Joseph Cedar's 'Footnote' Opens in New York on 9 March

by Elena Razlogova

9 March 2012

 

Winner of the Best Screenplay Award in Cannes 2011 and Israel’s entry for Best Foreign Film at the 2012 Academy Awards, Joseph Cedar’s Footnote (Hearat Shulayim) is tightly focused on the internal experience of the morose scholar Eliezer (Shlomo Bar Aba). He has dedicated his life to a philological study of medieval Talmudic manuscripts aiming to prove that another, more authentic version of the “Jerusalem Bible” once existed, only to have his work rendered useless when his academic rival, Yehuda (Micah Lewesohn), found the original manuscript in an archive. Now Eliezer’s only claim to fame is a mention in a footnote (“The only living scholar mentioned by name!”). He has mixed feelings that his son, Uriel (Lior Ashkenazi), also a Talmudic scholar, has received more recognition, for his analysis of medieval marriage practices and his crowd-pleasing lectures. Opening in select theaters on 9 March, the movie is traditional in more senses than one. Yet it doesn’t mention that most controversies related to the Israel Prize have to do not with its scholarly judgments, but with its political contexts. Many potential recipients, such as philosopher Yeshayahu Leibowitz, were denied or had to decline the prize because of their sympathy for Palestinians. Hearat Shulayim‘s consideration of Jewish intellectual debates brackets that larger issue, but it is difficult to edit out entirely.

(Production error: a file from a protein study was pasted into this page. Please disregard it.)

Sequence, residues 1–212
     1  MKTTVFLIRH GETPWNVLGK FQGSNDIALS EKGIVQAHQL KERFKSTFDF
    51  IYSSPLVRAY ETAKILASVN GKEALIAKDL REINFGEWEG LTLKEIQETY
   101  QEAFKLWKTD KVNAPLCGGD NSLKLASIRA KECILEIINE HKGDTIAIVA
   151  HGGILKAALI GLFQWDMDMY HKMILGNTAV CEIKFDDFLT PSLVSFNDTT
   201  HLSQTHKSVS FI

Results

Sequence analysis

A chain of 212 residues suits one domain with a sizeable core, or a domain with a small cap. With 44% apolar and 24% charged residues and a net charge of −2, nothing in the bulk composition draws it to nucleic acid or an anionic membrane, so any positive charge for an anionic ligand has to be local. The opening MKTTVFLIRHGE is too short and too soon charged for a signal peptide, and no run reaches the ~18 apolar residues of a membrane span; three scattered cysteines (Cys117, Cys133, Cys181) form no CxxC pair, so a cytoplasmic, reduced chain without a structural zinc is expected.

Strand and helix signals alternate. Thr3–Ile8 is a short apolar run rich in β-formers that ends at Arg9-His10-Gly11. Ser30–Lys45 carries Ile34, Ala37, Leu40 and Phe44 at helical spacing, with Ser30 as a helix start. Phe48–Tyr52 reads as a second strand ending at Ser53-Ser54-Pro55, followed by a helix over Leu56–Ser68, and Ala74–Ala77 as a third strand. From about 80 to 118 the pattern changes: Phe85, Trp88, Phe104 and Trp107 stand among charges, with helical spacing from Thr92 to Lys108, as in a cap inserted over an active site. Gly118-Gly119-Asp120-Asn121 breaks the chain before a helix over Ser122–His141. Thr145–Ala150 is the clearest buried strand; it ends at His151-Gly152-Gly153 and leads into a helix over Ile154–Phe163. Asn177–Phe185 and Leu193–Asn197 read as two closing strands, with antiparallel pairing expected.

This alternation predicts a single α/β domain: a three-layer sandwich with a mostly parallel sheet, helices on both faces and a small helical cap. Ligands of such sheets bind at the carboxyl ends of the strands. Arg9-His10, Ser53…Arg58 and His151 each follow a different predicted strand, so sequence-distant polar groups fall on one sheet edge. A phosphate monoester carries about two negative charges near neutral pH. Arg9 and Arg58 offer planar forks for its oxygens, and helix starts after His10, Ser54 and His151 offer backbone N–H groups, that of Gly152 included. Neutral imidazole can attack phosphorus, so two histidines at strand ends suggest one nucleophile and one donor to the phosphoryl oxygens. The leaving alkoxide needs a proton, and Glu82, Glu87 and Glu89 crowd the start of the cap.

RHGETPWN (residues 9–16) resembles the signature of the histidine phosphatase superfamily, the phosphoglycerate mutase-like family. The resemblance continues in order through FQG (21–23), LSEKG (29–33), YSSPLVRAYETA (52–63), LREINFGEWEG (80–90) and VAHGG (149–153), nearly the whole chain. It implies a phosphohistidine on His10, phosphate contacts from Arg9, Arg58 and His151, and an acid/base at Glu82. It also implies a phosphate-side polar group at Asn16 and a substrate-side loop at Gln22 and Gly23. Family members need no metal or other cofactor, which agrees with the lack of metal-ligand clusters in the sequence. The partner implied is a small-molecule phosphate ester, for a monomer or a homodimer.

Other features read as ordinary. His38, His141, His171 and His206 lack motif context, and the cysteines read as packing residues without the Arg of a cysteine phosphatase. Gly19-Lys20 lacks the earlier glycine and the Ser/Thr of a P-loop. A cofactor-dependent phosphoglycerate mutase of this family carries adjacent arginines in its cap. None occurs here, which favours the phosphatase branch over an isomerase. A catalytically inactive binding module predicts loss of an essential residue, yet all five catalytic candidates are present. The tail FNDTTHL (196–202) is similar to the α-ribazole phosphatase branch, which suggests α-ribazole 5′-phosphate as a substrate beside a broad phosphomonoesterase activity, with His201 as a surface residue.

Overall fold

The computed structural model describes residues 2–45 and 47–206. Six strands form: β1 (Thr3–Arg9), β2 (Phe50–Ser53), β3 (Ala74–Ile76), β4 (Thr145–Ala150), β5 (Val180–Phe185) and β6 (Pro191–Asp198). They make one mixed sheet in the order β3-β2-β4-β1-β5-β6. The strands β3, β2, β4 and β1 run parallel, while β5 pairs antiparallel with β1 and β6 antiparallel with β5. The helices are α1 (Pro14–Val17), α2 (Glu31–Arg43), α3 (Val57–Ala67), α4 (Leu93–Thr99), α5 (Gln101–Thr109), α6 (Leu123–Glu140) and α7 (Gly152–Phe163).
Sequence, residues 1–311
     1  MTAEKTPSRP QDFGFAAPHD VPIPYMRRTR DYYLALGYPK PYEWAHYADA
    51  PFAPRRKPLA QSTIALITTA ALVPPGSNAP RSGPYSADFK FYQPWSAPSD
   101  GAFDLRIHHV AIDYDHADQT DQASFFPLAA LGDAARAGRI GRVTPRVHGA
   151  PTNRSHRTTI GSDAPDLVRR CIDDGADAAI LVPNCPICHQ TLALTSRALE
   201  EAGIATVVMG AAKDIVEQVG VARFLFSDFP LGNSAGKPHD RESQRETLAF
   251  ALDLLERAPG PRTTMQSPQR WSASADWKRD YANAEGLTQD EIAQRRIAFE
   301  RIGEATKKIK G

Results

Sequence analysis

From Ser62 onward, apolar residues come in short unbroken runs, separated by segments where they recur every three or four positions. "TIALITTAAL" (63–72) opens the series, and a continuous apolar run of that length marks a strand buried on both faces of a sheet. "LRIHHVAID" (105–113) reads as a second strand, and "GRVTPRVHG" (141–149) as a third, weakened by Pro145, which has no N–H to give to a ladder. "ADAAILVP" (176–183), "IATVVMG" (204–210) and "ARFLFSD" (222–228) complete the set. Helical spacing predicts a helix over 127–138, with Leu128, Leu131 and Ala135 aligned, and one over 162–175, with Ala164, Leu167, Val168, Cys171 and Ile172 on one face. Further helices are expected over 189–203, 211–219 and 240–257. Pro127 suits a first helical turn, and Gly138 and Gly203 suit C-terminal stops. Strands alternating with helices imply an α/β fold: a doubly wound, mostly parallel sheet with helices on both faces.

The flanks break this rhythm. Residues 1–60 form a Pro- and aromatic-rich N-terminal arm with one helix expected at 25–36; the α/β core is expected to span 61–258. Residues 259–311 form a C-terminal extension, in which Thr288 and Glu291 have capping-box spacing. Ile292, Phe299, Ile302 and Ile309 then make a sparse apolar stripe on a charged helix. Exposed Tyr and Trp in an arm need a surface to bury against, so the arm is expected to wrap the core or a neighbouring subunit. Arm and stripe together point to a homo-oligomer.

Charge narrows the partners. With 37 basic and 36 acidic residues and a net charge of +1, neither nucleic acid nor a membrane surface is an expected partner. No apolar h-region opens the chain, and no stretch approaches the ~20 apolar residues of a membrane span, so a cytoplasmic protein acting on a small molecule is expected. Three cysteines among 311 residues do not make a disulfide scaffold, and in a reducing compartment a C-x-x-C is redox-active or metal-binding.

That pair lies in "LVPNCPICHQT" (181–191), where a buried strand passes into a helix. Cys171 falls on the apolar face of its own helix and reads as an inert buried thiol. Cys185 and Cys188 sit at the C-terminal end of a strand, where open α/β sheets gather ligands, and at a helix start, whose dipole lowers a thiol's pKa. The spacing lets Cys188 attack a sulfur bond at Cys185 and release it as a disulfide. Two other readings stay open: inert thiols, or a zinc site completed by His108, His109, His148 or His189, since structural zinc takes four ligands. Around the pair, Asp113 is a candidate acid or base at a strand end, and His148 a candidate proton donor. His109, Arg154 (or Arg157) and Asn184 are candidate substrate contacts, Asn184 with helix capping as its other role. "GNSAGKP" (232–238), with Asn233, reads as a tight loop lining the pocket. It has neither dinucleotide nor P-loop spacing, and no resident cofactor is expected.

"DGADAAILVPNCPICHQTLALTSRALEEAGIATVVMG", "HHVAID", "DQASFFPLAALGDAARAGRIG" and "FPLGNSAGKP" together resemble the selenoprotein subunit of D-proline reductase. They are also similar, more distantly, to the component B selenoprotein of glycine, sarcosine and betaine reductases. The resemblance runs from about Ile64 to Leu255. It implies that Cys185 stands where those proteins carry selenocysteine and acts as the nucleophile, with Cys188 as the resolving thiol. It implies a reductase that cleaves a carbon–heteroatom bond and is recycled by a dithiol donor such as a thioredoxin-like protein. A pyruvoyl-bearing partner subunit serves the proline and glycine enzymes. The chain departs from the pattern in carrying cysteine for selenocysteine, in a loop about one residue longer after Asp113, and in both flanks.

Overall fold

See PopMattersreview.

Rating:

 

We all know how critical it is to keep independent voices alive and strong online. Please consider a donation to support our work as an independent publisher devoted to the arts and humanities. Your donation will help PopMatters stay viable through these changing and challenging times where advertising no longer covers our costs. We need your help to keep PopMatters publishing. Thank you.

 


//comments
//related
//Mixed media
//Blogs

'Fire Emblem Heroes' Is a Bad Crossover

// Moving Pixels

"Fire Emblem Heroes desperately and shamelessly wants to monetize our love for these characters, yet it has no idea why we came to love them in the first place.

READ the article